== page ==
April 16, 2019; SF Weekly
After four years of community organizing, in the end, it wasn’t close. Not only did the Board of Supervisors unanimously vote to give housing nonprofits the rights of first offer and first refusal to help them acquire more multifamily residential buildings (and related construction sites and vacant lots) in the city, but all 11 supervisors signed on as cosponsors. As a result, “San Francisco’s ability to preserve its affordable housing stock just strengthened immensely,” remarks Ida Mojadad in SF Weekly.
Part of what led to the unanimous vote is pent-up frustration regarding the lack of available affordable housing. At a hearing earlier in the month, Jordan Davis, who’s been a member of the city’s Single Room Occupancy (SRO) task force, commented on how she was “sick and tired of SROs being flipped into tech dorms.”
At the same hearing, Bruce Wolfe who chairs the board of the San Francisco Community Land Trust, called the bill “amazing,” and said that it would allow organizations like his own to “provide the most impact to prevent displacement, especially for people with disabilities and enable people who are approaching senior age, to age in place.”
Supervisor Sandra Lee Fewer, who led the effort to pass what is known in San Francisco as the Community Opportunity to Purchase Act, or “COPA,” told Mojadad that, while far from a total solution to San Francisco’s housing shortage woes, “COPA will provide affordable housing nonprofits with a critical tool to stop the bleeding.”
As NPQ noted last week, the legislation seeks to put into place a system that requires landlords, when selling multifamily properties (defined as having three or more housing units), to notify a set of housing nonprofits regarding the property’s availability. The seller is not required to sell to the nonprofit, but if a nonprofit expresses interest in buying the property and the seller receives a higher offer from a private buyer, then the nonprofit must be given a chance to match the private buyer’s price.
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As Mojadad explains, a first step in implementation will be for the Mayor’s Office of Housing to develop a list of qualified affordable housing nonprofits that sellers of a residential building with at least three units would be required to notify.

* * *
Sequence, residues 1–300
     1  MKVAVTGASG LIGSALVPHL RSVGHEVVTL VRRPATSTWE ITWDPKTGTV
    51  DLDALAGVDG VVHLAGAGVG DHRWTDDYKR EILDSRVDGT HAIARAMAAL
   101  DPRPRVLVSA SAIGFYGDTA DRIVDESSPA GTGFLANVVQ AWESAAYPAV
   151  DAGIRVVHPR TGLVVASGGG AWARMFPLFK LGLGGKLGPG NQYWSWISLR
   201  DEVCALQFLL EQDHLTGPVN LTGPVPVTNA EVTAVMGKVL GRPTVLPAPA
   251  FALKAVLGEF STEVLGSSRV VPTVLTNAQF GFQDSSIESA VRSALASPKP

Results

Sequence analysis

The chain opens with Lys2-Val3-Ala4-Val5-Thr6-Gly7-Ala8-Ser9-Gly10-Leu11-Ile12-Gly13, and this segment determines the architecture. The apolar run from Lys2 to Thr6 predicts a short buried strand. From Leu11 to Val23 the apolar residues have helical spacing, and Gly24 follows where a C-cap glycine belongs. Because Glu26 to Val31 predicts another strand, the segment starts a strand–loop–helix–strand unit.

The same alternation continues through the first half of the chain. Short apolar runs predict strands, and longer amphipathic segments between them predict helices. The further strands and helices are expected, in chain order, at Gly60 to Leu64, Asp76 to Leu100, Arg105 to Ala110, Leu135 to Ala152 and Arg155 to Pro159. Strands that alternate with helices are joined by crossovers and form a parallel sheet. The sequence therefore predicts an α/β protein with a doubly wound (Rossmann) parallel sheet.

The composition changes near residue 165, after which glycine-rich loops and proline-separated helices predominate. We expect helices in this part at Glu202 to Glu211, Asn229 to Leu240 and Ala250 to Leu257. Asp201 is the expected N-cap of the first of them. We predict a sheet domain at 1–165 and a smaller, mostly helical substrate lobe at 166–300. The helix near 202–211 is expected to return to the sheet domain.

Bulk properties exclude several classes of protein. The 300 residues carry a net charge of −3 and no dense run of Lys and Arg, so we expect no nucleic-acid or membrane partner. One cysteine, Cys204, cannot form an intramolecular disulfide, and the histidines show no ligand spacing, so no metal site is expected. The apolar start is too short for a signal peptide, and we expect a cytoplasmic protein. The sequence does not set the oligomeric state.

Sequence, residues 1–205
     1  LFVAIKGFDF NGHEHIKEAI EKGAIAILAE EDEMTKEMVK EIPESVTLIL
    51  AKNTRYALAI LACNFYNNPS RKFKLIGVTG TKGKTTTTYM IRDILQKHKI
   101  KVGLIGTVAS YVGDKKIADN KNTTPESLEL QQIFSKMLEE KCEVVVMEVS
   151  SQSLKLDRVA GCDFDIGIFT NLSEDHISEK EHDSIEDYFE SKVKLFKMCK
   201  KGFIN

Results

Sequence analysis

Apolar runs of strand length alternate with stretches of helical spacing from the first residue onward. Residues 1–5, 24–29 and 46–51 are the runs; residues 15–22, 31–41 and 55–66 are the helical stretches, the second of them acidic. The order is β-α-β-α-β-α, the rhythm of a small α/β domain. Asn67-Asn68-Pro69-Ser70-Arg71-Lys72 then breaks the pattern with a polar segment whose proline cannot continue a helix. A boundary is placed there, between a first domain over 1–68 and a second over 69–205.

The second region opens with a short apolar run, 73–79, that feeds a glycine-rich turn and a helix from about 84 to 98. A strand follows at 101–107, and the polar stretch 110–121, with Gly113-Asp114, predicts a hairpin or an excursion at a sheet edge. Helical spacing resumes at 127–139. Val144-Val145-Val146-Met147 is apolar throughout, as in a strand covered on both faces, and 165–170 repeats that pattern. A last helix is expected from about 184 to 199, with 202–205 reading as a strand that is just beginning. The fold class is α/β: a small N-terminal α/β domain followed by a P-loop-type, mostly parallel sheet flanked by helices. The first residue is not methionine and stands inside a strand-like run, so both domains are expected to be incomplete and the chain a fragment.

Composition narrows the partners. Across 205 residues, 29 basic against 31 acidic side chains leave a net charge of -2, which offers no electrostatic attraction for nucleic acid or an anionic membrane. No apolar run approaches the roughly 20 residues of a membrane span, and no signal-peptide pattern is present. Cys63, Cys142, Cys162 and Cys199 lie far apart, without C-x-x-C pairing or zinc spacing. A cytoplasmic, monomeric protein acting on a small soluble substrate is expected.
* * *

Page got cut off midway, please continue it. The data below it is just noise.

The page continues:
“At a rally before the Board of Supervisors meeting, community advocates cheered the improved ability to preserve affordable housing in San Francisco,” Mojadad reports. Joy Lee of the Housing Rights Committee of San Francisco, where she works as a program director, notes that, “The west side of the city, including the Richmond District, has suffered from a high rate of evictions due to speculation.” For Lee, “COPA is a key strategy to preserve affordable housing for low-to-moderate-income people in San Francisco and to ensure community stability.”
COPA is patterned in some ways after Washington DC’s Tenant Opportunity to Purchase Act, which since 1980 has enabled thousands of District residents to become housing co-op member-owners. COPA, however, gives nonprofits rather than residents the right to bid on properties. Still, COPA does not provide the money for nonprofits to be able to compete successfully against private buyers and complete the purchases. This is no trivial matter in a city where the median value of a single-family home is estimated to be $1.57 million (down slightly from $1.62 million last spring). Clearly, the need for affordable housing funding remains. That said, having the first right to review and to make offers on property is a big step—and it likely will allow nonprofits in the city to deploy the affordable housing dollars they do raise or receive from the city more efficiently.
Fernando Marti, who is a codirector of the Council of Community Housing Organizations, was optimistic: “San Francisco once again stands out as a leader in the affordable housing field with this creative policy to preserve at-risk rental apartments and make them permanently affordable,” Marti said. “COPA right-to-purchase will be a powerful tool to help address the affordability crisis.”
It should be noted that this is not the first time San Francisco’s board of supervisors has acted to promote the positioning of nonprofits in the increasingly expensive and therefore increasingly exclusive city. Last fall, for instance, they also moved to raise the wages of home care and elderly service workers. —Steve Dubb